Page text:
The legal toys were definitely thrown out of the pram recently when the Association of British Bookmakers (ABB) brought in their hot shot legal team, Schillings, to throw their dummies and rattles at every media outlet in the country.
Telling journalists that their members, who own around 80% of all betting shops, “don’t encourage problem gambling” and that to imply such was “defamatory”, the media legal desks could be heard quaking right across Fleet Street. Bashing the journalists with their rattles, Schillings ordered that “Our client is more than willing to engage with journalists during the preparation of stories and to provide factual material and comments where necessary”.
Paddy Power determined to test the “preparation of stories” went out of their way to encourage a problem gambler and pursued him (and his money) until he had nothing left – no job, no money and no family. Journalists fretting over the threat of defamation rapidly dialled the ABB HQ to provide “factual material and comment” – but the phone rang, and rang and rang.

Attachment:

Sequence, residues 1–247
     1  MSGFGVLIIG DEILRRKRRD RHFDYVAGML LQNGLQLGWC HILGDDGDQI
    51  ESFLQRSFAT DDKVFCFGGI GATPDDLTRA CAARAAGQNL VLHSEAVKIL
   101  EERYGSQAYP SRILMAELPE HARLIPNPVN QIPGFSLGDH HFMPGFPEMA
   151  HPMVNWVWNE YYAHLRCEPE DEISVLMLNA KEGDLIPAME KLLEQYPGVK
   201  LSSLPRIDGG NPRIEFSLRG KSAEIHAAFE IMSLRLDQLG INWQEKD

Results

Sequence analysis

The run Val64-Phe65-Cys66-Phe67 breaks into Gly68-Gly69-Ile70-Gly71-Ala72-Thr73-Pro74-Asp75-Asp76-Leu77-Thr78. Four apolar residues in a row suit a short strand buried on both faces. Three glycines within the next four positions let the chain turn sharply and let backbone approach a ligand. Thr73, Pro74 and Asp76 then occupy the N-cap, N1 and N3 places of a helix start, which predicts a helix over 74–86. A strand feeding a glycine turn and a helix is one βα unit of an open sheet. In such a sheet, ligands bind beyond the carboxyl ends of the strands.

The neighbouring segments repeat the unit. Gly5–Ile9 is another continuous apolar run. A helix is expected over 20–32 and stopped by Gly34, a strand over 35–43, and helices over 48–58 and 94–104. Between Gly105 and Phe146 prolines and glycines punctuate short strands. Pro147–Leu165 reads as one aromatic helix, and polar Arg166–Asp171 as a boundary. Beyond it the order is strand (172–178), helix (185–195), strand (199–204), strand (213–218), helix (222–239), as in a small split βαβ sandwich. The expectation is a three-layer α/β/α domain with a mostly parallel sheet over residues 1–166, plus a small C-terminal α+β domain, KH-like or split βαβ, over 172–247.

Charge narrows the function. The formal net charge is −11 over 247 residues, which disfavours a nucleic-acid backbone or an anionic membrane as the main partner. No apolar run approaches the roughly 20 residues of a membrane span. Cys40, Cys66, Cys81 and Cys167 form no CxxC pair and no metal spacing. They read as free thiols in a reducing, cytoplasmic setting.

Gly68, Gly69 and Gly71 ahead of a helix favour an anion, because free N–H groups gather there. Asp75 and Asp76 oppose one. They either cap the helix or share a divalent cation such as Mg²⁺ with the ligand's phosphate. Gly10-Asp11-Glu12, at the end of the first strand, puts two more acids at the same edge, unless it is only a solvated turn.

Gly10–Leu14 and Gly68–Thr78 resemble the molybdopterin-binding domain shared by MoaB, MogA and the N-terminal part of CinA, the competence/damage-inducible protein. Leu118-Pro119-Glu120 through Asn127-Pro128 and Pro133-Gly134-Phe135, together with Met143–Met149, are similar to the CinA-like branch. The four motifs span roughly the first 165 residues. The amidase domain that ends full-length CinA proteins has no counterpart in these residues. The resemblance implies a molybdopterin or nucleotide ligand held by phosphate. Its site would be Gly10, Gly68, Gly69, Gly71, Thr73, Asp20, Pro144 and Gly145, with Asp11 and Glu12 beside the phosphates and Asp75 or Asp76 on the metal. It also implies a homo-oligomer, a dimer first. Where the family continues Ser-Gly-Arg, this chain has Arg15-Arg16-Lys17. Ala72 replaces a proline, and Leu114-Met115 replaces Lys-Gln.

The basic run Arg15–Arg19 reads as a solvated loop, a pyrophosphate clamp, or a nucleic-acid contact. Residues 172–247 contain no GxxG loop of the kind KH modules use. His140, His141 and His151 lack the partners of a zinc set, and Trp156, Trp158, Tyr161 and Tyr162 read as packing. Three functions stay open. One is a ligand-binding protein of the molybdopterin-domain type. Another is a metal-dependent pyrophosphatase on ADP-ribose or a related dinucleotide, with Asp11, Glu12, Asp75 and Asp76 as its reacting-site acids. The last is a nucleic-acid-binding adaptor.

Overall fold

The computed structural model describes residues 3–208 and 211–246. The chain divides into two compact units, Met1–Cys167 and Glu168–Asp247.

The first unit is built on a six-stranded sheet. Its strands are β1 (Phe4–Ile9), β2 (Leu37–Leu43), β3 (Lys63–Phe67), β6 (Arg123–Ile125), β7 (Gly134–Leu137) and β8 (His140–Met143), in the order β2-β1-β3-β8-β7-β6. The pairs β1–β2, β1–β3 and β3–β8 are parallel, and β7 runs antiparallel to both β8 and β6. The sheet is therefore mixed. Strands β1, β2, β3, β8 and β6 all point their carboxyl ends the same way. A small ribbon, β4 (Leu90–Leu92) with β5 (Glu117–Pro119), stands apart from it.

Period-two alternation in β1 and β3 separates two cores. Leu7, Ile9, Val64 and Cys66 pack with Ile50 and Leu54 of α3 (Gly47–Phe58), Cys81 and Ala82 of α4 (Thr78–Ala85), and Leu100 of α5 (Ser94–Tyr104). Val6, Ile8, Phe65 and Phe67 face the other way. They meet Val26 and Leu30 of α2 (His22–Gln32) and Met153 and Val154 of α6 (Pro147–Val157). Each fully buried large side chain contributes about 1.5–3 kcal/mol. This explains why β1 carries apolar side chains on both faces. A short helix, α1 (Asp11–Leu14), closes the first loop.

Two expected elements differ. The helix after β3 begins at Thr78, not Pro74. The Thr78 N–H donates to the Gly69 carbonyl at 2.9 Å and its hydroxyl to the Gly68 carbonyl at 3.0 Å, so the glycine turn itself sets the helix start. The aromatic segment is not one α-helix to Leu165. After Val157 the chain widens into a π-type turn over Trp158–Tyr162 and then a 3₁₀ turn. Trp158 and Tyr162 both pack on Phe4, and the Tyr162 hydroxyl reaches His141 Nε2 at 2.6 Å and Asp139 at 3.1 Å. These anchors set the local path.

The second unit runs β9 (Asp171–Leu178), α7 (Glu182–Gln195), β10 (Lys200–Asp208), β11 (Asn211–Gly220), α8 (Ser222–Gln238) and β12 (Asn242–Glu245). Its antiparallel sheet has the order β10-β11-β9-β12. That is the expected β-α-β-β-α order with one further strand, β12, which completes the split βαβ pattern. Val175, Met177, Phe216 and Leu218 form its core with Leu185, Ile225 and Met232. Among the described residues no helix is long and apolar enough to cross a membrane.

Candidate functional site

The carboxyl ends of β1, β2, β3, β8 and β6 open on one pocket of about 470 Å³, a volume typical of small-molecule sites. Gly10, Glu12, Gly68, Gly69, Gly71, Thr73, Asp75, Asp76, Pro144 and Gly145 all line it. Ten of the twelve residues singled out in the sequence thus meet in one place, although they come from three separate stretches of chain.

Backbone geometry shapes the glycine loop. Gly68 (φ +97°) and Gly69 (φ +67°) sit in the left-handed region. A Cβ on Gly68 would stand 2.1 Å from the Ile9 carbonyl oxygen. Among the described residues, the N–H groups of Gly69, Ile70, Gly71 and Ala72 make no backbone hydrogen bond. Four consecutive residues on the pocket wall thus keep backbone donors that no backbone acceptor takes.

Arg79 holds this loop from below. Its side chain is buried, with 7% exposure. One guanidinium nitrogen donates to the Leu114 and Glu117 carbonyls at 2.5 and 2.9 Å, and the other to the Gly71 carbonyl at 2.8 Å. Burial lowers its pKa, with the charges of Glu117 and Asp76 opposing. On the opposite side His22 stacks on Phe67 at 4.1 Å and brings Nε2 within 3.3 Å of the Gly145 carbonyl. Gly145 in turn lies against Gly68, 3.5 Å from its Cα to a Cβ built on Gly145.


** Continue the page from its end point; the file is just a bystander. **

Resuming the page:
A few days later, after being hung out to dry by the ABB, Paddy Power thrust themselves into the spotlight again having been revealed targeting ethnic minorities. Again journalists dialled the ABB hotline determined to give the bookmakers the chance to respond with “factual material”. “Hoorah!” screamed a journalist down the phone when a voice responded “hello ABB”. What response did the diligent journalist get? “The Association of British Bookmakers, which represents Britain’s biggest gambling firms, said it did not wish to comment.”
As Private Eye reported shortly afterwards “better luck with the legal notice next time”.